Centropyge flavissima

Common Names: Lemonpeel angelfish, lemon angel, lemon dwarf angelfish, blue-eyed dwarf angel

Type Locality: Ulea, Caroline Islands

Range: Western and southern Indo-Pacific: Cocos-Keeling Atoll, Marquesan, Ducie, and Easter Islands, north to the Ryukyu Islands, south to New Caledonia and Rapa. Not reported from Indonesia, Malaysia, Hawaii, or Johnston Atoll. (Found as an introduced exotic in

Taxonomic Troubles: Originally described as Holacanthus flavissimus, known for a long time as Centropyge flavissimus, with wrong gender for the specific epithet.

Size: 14 cm TL (5.5 inches), usually smaller.

Preferred Water Chemistry: Tropical marine, found in shallow water on reefs.

Difficulty: A medium-hardy species. Like all Centropyge, this fish is sensitive to medications. Do not confuse with C. heraldi, which lacks the blue ring around the eye and which is very unlikely to survive.

Tank Setup: Lots of live rock, with plenty of hiding places. This fish is fairly peaceful but may pick on very passive fish. Hobbyists' experiences with it in a reef tank are mixed; it may pick at sessile invertebrates.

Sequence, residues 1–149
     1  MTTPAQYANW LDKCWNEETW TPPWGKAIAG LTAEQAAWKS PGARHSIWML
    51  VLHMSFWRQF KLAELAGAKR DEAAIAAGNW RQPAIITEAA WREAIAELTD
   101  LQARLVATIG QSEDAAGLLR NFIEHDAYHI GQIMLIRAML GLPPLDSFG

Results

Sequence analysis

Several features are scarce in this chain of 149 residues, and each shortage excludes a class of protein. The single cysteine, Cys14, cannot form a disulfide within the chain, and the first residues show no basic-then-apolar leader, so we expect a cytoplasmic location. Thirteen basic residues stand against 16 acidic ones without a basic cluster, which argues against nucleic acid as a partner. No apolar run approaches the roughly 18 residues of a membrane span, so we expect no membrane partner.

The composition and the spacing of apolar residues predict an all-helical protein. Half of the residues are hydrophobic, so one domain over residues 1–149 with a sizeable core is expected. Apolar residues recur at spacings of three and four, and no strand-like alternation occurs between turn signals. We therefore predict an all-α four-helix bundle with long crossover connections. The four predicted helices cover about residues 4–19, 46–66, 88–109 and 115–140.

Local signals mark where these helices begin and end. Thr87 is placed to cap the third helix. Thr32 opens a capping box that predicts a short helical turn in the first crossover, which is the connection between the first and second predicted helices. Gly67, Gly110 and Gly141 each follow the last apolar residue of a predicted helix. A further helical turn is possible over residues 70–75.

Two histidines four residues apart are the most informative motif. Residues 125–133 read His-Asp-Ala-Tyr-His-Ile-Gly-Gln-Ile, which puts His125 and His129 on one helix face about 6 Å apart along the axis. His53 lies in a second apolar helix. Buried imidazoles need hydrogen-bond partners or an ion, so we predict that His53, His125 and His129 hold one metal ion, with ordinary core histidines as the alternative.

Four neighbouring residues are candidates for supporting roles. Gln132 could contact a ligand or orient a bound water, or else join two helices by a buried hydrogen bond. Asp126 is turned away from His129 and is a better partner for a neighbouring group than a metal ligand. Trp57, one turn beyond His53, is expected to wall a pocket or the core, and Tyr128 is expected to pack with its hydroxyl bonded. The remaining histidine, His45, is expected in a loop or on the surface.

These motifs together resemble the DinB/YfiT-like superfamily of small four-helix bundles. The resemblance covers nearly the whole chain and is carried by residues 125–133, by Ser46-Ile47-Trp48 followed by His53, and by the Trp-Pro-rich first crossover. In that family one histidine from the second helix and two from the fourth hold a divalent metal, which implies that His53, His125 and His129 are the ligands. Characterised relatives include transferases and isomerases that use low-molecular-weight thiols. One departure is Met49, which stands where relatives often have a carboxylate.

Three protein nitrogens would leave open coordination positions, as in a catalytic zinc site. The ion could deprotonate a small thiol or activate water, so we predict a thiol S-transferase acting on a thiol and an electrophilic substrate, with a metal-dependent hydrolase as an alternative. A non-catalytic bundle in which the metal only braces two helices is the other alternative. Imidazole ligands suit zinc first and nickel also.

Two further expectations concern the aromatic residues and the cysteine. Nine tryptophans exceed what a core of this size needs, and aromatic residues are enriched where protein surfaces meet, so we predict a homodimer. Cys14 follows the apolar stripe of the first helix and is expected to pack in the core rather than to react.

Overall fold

Feeding: An omnivore that can usually be trained to prepared foods. Algae is an important component of the diet, which is why they do best in mature systems.

Breeding: As with other species in this genus, the fish will spawn in the home aquarium.

Fish Description

Intense yellow with light blue highlights: ring around the eye, edge of the operculum, and the unpaired fins. Juveniles have a black ocellus ringed in blue on the flanks. This species is mimicked by juvenile Acanthurus pyroferus.


There are not many all-yellow fish, and they are usually quite popular. Although not as ubiquitous as the yellow tang (Zebrasoma flavescens), this yellow angel is commonly available. This fish provides a good example of the silliness of many common names. It is often called the "true" lemonpeel angel, with the similar C. heraldi being called the "false" lemonpeel angel. This probably reflects the much greater suitability of C. flavissima for the home aquarium, but it's a distinction without merit. Either species can be—and is called—the lemonpeel angel, and there's nothing true or false about either.

As with other dwarf angels, the major issue is whether this species is "reef safe." There is no doubt that it will thrive in a reef tank, but it may do so at the expense of expensive invertebrates. Individuals vary considerably in this regard. The alternative is a FOWLR setup. The security and snack foods provided by a live-rock setup will make this angel feel right at home.

The other issue concerns tankmates; very passive fish like clowns may be harassed by this inquisitive and outgoing species, but the lemon angel is generally well behaved. It will definitely fight with other dwarf angels, especially its own species, unless it is kept in a very large aquarium with plenty of live rock as visual barriers.